More than a year ago, CP Group, a recycling solutions provider and equipment manufacturer, unveiled its Virtual MRF, a tool that allows users to walk around inside a life-size, virtual reality (VR) model of a materials recovery facility (MRF). Since then, the San Diego-based company has been showing off the technology at tradeshows across the globe.
Designed to provide its customers with a virtual idea of how their facility will look and operate prior to construction, CP Group recently exhibited the Virtual MRF internationally at Residuos Expo 2018 in Guadalajara, Mexico. It is Latin America’s largest waste industry conference, occurring concurrently with Expo Plasticos, with a combined attendance of about 18,000 industry professionals.
“We wanted to demo the Virtual MRF at the Residuos Expo in Guadalajara, Mexico, because in addition to being immersive and fun to use, it’s a way to show potential customers that we have this amazing capability to let them review their system before it’s ever built. I think our customers will see the value in that,” says Jesus Vargas, sales drafting manager for CP Group.
For hardware, CP Group typically uses HTC Vive VR goggles and industry-standard modeling and virtual reality software.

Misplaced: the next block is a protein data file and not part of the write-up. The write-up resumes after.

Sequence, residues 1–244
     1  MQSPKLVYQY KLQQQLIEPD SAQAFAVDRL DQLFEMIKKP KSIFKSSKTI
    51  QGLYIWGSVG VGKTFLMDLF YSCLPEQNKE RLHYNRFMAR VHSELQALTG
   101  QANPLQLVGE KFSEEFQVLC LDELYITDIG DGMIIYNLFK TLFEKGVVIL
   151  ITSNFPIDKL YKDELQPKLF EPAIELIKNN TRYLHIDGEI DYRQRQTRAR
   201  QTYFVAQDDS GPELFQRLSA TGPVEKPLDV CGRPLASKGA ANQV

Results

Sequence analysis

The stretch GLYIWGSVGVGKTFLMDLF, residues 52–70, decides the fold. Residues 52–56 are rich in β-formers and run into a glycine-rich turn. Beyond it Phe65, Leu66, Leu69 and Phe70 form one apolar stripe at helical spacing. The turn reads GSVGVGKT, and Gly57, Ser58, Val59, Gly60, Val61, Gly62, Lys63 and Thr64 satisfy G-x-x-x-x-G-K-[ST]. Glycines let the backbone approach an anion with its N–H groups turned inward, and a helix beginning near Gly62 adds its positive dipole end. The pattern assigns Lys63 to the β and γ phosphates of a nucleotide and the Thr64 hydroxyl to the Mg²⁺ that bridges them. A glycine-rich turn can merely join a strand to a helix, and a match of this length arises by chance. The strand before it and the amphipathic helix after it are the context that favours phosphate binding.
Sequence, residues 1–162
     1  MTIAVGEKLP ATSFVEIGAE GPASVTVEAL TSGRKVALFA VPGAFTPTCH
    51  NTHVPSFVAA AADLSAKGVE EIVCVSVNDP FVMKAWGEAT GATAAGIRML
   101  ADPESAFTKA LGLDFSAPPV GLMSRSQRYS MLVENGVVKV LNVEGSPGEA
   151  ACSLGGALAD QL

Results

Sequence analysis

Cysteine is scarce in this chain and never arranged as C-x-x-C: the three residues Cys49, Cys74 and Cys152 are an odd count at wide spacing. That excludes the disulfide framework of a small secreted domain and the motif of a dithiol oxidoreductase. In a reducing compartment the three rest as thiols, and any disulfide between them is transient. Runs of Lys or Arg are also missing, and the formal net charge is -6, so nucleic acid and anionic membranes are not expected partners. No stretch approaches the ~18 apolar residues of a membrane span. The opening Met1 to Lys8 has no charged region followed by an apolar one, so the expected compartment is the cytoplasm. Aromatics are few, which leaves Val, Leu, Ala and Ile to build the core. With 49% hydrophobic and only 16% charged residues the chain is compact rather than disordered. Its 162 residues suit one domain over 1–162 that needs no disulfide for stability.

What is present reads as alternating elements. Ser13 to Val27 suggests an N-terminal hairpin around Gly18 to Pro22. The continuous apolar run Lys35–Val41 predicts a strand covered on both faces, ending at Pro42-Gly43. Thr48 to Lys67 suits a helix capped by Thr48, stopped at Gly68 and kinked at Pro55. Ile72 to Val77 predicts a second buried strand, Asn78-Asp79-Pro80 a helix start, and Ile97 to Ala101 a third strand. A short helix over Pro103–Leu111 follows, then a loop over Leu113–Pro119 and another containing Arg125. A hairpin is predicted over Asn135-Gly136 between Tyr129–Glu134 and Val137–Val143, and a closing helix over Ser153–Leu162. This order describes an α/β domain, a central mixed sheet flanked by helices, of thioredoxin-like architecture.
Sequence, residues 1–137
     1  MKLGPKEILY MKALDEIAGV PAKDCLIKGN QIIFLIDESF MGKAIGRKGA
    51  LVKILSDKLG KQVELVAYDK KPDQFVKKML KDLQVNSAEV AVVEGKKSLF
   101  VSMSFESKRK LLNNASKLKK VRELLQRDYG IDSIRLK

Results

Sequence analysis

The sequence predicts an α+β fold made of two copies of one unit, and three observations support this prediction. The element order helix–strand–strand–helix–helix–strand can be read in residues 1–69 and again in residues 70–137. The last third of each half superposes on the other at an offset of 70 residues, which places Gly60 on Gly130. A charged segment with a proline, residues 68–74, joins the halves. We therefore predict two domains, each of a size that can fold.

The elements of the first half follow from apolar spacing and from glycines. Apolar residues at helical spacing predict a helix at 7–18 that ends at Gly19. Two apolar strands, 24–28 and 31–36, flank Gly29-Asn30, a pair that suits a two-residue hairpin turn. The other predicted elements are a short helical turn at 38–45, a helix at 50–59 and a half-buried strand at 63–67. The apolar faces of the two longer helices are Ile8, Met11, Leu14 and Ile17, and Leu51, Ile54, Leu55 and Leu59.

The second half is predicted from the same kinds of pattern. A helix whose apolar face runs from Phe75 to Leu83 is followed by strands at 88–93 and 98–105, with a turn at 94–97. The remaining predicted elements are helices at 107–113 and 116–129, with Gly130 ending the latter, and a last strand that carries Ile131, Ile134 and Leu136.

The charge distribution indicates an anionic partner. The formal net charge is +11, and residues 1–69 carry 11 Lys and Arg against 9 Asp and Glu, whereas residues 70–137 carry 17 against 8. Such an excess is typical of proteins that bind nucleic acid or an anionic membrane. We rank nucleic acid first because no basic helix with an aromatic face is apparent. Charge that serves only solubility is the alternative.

“For Residuos, we had a system running on the goggles,” says Vargas. “We encouraged people passing by to give it a try. The response to the demo was overwhelmingly positive. People were blown away. They had never seen anything like it.”
The Virtual MRF is a virtual reality simulation that uses two handheld controls and a virtual reality headset. Users can navigate along the facility’s platforms and look in any direction, giving users the sense of actually being there.
“We utilize a high-power computer that runs the virtual reality software, rendering our customized engineering drawings through a pair of high-end virtual reality goggles,” says Anthony Bonds, marketing manager for CP Group.
The purpose of the Virtual MRF is to walk customers through proposed systems that have not yet been built, and to quality control system design, ensuring visibility from key stations in the MRF. The full potential of the Virtual MRF is still being realized, according Vargas.
“My team has used the goggles to have another perspective on the engineering models we put together for bid proposals. When designing systems, sometimes the line of sight on the platforms isn’t what you thought it would be, or certain components don’t quite line up the way they are supposed to,” he says. “Seeing the system as a life-sized model is a great way to pinpoint these issues quickly and solve problems before they are problems. The Virtual MRF also gives our team the ability to look at maintenance access for various system components.”
The Virtual MRF benefits the industry because it allows the company’s engineers to design more streamlined systems that make ergonomic sense for its customers and improve the system more efficiently, according to Bonds.
“The Virtual MRF gives our customers the ability to investigate MRFs and walk around inside them before a single screw is tightened on the system,” he says.